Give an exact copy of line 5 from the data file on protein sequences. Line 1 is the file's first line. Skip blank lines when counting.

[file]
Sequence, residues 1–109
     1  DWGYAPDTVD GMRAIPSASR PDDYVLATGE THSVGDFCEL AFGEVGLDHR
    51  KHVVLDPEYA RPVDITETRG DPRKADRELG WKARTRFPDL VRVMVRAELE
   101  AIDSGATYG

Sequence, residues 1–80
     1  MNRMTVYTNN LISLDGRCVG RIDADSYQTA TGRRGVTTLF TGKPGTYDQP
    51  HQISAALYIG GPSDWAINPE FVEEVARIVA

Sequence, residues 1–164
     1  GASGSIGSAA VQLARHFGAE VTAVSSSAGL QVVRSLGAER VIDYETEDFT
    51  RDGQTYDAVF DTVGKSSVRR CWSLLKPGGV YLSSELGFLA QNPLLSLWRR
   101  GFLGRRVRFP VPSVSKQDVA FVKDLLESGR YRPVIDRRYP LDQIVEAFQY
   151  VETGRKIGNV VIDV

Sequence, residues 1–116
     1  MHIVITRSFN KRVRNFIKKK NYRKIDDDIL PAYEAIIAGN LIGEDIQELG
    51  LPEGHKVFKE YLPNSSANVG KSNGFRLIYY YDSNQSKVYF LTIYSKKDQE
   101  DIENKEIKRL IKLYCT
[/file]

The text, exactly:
Sequence, residues 1–80